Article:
Dr. Joan Bushwell's Chimpanzee Refuge

Today’s offering is a departure from the usual floral genitalia.

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I found this specimen at Marquand Park in Princeton. This park sports a variety of ornamental trees. I believe this is a leaf of Fagus sylvatica, the European beech, likely the atropunicea variety, the same species as the “copper beech” shown in todays Orgasmic sparklers and single cask malt Scotch entry. Carotenoids and anthocyanins contribute to the coloration.

The Wellesley College Web of Species has a good description of Fagus sylvatica.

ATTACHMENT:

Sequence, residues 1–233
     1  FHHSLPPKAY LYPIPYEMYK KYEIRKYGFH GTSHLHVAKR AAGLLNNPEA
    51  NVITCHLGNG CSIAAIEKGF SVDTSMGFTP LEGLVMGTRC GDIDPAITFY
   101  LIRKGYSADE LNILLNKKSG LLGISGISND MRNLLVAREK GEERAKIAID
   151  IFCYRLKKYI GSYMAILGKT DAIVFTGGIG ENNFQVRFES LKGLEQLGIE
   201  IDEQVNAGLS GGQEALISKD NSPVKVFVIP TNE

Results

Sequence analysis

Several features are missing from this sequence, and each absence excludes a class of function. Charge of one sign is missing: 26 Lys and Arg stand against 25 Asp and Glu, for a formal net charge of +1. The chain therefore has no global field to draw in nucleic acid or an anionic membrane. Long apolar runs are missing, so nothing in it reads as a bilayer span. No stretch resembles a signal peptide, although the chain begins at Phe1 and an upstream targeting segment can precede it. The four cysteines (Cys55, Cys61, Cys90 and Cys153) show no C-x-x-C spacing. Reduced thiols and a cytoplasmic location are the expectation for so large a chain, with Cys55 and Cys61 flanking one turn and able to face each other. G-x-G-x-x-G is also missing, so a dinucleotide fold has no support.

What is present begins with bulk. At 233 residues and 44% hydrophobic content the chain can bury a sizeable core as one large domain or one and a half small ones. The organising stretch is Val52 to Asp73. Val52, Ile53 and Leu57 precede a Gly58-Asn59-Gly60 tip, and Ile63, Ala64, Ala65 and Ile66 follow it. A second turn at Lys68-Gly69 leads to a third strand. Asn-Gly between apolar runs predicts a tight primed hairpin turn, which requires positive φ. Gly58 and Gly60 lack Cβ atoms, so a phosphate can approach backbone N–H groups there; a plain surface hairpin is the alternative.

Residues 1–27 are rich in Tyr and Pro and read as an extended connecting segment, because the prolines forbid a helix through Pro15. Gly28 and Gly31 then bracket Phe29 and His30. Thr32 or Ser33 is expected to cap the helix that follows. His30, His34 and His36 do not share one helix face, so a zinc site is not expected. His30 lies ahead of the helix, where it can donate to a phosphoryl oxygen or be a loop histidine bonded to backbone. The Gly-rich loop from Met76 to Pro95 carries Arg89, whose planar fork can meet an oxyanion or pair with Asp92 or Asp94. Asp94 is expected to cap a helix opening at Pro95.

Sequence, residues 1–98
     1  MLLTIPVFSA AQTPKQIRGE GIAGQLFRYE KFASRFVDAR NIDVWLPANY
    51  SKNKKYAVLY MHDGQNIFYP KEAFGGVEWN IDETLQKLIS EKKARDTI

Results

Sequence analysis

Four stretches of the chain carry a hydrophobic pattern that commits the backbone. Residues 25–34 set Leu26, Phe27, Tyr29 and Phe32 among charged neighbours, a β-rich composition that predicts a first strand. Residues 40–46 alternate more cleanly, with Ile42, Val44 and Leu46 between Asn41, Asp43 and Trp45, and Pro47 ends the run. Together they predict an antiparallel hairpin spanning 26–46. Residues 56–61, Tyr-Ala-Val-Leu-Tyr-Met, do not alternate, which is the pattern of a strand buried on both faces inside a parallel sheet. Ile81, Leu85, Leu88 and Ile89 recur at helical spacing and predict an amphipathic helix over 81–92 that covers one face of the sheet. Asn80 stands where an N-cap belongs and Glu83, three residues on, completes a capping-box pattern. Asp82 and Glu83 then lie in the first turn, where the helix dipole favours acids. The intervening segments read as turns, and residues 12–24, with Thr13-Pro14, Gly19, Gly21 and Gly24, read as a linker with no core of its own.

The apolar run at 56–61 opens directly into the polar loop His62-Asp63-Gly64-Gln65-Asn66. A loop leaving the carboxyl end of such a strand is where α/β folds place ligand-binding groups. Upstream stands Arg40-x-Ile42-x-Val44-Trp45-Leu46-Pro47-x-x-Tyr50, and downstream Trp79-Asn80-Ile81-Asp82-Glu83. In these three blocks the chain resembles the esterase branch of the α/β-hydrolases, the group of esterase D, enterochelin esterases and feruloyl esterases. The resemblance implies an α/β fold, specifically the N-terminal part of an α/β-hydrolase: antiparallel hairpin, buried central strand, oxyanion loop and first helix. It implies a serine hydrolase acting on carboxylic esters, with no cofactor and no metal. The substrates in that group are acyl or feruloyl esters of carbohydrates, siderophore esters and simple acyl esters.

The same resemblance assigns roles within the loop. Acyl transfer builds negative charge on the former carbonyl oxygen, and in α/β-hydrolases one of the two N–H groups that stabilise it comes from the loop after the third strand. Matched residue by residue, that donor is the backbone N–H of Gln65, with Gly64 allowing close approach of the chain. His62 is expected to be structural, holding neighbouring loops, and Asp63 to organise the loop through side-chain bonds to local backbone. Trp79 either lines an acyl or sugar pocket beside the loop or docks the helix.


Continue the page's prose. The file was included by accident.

Beeches of both European and American origin have smooth grey bark, and have provided a tempting canvas for graffiti for years. From the Wellesley site:

Because of its soft, smooth bark, the beech is intimately connected with the written (or carved) word. It is believed that the first Sanskrit characters were carved on the bark of Fagus sylvatica. In fact, our word ‘book’ comes from the Anglo-Saxon ‘boc’, meaning letter or character, which derives from ‘beece’, beech.

Even Virgil succumbed to carving beech bark:

“Or shall I rather the sad verse repeat
Which on the beech’s bark I lately writ?”
-Virgil, 70-19 B.C.E.